Grumpy old man? Or abuser?
A reader is concerned that her mom’s husband is treating her mom unkindly. Is it abuse? What should she do? How do you care for your elderly parents who might be enduring abuse? I don’t have the answers, but I have some thoughts and I’d like to get a conversation started.
My email to a concerned daughter:
It’s not ok for anyone to call your mom names or tell lies about her. The last person on earth who should do that should be her husband. For him to do so is anti-Christ. Christ loved us and gave himself for us. He doesn’t shout or rant. He doesn’t accuse and insult.
So often these situations are difficult for family members to sort out because people reserve their cruelty for certain times or certain people yet they can be so very nice, so very wonderful that we think that there must be something causing them to behave cruelly when they do. There is. It’s sin, plain and simple. Your mom isn’t failing her husband or disrespecting him and inciting his wrath. He is mean because he can be and he probably thinks no one will stop him.
I know that this is very very difficult for you. To tell your mom that she can draw a boundary and separate seems to be anti-marriage, but I see it as FOR marriage; for what God means marriage to represent. When a marriage is another means of power and control, where a person feels trapped and helpless, instead of a union where Christ’s love is given and shared and where people are treated with honor and respect, that marriage has become toxic. The vows taken at the wedding ceremony are manifold, much more than “don’t commit adultery” and “don’t leave if you’re not dead.” It sounds like your mom is keeping her vows but her husband is not.
One thing you could do for your mom is to ask if she feels safe. She might say “yes” at first. But ask her many times and in many ways.[Internet Archive link]. You can ask if she’s afraid of her husband and if he’s ever threatened her. Where I live, threatening a person is a crime. It’s hard to prove, but it helps some people to know that it is a crime.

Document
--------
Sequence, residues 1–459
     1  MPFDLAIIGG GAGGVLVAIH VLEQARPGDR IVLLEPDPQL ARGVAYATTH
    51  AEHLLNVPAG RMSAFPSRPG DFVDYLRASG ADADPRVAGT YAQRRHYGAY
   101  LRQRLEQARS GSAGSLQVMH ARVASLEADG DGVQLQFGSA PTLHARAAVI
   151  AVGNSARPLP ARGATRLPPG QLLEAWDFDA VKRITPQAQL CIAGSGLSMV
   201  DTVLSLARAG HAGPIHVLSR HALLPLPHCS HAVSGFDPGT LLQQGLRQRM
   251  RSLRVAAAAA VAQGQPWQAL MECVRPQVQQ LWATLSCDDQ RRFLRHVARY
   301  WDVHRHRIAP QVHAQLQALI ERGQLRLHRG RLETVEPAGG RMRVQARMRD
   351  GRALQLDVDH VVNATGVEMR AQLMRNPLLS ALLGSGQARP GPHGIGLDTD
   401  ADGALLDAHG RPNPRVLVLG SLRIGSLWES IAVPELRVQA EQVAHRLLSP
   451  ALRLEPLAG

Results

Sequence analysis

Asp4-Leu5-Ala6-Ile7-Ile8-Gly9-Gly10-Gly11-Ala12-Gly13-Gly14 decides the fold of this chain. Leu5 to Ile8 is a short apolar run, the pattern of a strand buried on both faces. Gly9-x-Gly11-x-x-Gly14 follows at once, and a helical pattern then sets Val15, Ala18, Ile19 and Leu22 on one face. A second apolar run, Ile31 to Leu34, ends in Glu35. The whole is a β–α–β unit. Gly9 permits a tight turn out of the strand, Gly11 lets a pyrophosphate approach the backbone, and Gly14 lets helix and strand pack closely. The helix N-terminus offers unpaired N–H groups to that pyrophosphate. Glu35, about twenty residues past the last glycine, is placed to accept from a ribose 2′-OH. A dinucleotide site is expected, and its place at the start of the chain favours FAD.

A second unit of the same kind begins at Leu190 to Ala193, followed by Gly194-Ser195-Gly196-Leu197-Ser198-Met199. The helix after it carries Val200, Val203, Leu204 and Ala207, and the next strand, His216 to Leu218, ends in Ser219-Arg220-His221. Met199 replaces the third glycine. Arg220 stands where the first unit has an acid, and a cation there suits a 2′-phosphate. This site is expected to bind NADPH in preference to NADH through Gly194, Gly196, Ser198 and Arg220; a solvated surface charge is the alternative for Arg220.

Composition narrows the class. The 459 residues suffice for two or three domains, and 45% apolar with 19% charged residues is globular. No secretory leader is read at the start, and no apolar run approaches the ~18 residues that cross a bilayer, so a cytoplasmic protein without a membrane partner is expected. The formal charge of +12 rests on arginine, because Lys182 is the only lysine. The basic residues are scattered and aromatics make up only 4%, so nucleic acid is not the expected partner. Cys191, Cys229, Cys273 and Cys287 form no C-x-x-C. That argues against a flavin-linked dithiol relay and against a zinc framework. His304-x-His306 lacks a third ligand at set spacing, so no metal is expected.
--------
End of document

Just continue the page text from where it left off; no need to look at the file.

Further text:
You could also give your mom options. You could ask her what she’d like to do. You could ask how she’d feel about leaving home for a while. Sometimes just knowing that they have an option helps bring some people peace because they don’t feel trapped.
The hard thing about acknowledging if a particular behavior is abuse is that then people get concerned that if that behavior is abuse then this other behavior must be abuse and now everything is abuse and what do we do about that? Well, that’s looking for a law to govern things instead of the Holy Spirit and I also don’t think it’s the right question (It’s also the logical fallacy called appeal to consequences). It should be does this behavior honor God? Is this sin? Is it a pattern of sinful behavior? Is this behavior classed under the works of the flesh?
Galatians 5:19-21: Now the works of the flesh are evident: sexual immorality, impurity, sensuality, idolatry, sorcery, enmity, strife, jealousy, fits of anger, rivalries, dissensions, divisions, envy, drunkenness, orgies, and things like these. I warn you, as I warned you before, that those who do such things will not inherit the kingdom of God.
If so, there’s a bigger problem than the marriage. If that verse is true, the person in question has his eternal inheritance at stake! Calling attention to the problem and calling it sin could deliver his soul from Hell and it’s the most loving thing anyone could do for him.
I am praying for your mom.